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In an effort to determine how contaminated former industrial and business sites are in Whitley County, the county commissioners have agreed to be part of a regional effort to get a collective $1 million in federal funds for seven area counties.
The county will be part of Region III-A’s collaborative efforts to get a collective $1 million U.S. Environmental Protection Agency for the 10 counties in and around Region III-A, a regional planning commission and economic development district.
According to Dave Koenig of Region III-A, only seven counties will opt to take part in the grant application submitted by Region III-A.
If the grant is approved, the local share of the funds will be used to assess sites for petroleum and other hazardous materials.
Matt Showalter of Region III-A said he is seeking letters of support from local health departments, grass roots organizations and other government agencies for the grant application.
The commitment from the commissioners this week was only for a letter of support for the grant.
The county could apply for a grant on its own for $400,000, but the commissioners felt the county has a better chance of benefitting from the funds if it took part in a group application.
Columbia City recently received a similar grant for brownfield cleanup and will use its $400,000 grant to focus on the former CF Gomma building.
The city has interviewed perspective consultant firms to handle the assessment of the property for petroleum and other hazardous material contamination.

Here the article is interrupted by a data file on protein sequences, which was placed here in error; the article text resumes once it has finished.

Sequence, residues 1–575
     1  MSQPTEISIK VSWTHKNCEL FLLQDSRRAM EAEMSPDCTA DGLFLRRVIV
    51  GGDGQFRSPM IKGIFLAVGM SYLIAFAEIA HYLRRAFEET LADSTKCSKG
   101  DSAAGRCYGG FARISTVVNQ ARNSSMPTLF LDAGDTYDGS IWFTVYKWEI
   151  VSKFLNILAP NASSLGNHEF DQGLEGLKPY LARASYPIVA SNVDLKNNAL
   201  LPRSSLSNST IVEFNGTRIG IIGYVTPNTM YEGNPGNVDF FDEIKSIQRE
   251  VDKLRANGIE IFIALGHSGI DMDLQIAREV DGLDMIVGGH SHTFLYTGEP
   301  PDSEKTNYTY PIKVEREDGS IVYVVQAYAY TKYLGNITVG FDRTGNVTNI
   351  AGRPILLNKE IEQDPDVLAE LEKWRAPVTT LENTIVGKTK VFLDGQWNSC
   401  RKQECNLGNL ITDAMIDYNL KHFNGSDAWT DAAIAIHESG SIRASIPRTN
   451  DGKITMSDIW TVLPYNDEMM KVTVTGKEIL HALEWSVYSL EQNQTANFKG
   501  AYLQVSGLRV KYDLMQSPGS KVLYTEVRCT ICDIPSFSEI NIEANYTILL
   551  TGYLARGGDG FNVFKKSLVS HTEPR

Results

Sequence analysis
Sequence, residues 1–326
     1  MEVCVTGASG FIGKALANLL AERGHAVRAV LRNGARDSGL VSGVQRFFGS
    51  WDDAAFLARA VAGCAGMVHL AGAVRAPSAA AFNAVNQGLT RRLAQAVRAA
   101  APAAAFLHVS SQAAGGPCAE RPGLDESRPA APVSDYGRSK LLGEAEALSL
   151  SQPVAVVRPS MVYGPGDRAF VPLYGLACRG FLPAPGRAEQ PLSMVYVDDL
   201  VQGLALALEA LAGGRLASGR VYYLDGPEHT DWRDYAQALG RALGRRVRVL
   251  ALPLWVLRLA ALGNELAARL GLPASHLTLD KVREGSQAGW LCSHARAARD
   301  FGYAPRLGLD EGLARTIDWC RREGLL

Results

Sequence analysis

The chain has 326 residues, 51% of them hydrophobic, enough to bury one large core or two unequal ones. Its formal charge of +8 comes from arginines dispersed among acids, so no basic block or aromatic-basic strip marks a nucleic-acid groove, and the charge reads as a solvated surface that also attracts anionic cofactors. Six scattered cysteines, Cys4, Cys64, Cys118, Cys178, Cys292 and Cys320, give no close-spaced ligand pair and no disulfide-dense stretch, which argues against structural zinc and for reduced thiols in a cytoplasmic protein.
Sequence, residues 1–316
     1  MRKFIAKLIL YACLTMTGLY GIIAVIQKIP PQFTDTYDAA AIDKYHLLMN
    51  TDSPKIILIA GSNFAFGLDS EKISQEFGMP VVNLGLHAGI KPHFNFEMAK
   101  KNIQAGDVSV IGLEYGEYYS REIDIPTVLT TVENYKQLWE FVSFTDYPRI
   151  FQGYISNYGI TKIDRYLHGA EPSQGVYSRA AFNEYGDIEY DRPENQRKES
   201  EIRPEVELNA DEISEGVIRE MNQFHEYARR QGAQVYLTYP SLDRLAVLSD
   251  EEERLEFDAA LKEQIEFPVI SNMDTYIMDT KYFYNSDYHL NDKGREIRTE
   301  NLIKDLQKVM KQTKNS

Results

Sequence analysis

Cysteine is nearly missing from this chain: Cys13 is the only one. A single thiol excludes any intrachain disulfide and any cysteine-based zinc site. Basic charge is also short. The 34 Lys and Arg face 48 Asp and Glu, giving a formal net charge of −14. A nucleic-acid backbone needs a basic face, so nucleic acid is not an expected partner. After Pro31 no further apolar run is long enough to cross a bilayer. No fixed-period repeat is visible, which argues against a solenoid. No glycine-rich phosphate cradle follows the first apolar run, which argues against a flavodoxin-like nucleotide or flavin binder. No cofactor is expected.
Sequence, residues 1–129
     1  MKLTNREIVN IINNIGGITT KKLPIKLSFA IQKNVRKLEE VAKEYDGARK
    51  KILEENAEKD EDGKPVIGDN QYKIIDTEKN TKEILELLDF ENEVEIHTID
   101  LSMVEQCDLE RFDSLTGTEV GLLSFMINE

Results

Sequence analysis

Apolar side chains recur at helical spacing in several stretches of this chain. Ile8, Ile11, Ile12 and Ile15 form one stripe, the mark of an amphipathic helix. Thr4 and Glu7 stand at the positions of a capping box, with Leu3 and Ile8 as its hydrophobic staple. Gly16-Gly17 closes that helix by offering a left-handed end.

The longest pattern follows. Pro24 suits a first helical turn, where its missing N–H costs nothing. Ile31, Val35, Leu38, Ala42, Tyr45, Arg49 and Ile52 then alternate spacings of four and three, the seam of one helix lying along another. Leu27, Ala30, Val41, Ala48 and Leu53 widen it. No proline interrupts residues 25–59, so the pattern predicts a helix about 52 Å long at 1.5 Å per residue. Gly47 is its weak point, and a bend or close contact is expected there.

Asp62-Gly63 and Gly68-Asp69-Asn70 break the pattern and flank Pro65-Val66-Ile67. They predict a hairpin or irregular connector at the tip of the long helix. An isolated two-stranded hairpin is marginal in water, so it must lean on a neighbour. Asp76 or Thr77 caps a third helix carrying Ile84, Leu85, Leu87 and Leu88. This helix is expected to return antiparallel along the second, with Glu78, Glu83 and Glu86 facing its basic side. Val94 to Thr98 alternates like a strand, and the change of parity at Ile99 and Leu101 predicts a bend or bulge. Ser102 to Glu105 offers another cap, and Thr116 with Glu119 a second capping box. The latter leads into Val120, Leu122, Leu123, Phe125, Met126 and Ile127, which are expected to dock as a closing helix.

As for the county’s application, the funds would only be used for assessment of property, not cleanup.
Alan Tió, president of the Whitley County Economic Development Corporation, said the program is “very helpful” to governments so they can have the funds needed to assess land for potentially hazardous chemicals.
As for cleanup, the county would need to apply for a loan from the Indiana State Revolving Loan Fund, grants or other loans, depending on the situation.
“It’s case specific,” Tió said of how the county could approach cleanup.
Koenig said federal funding for cleanup requires certain criteria, including that the land is in public ownership and the person or company responsible for the property is unable to do a cleanup operation.
He said the county would need to know who the responsible party is for a property before it could apply for funding.
Assuming the grant is approved, the county would prioritize a list of possible sites based on the best chance for redevelopment.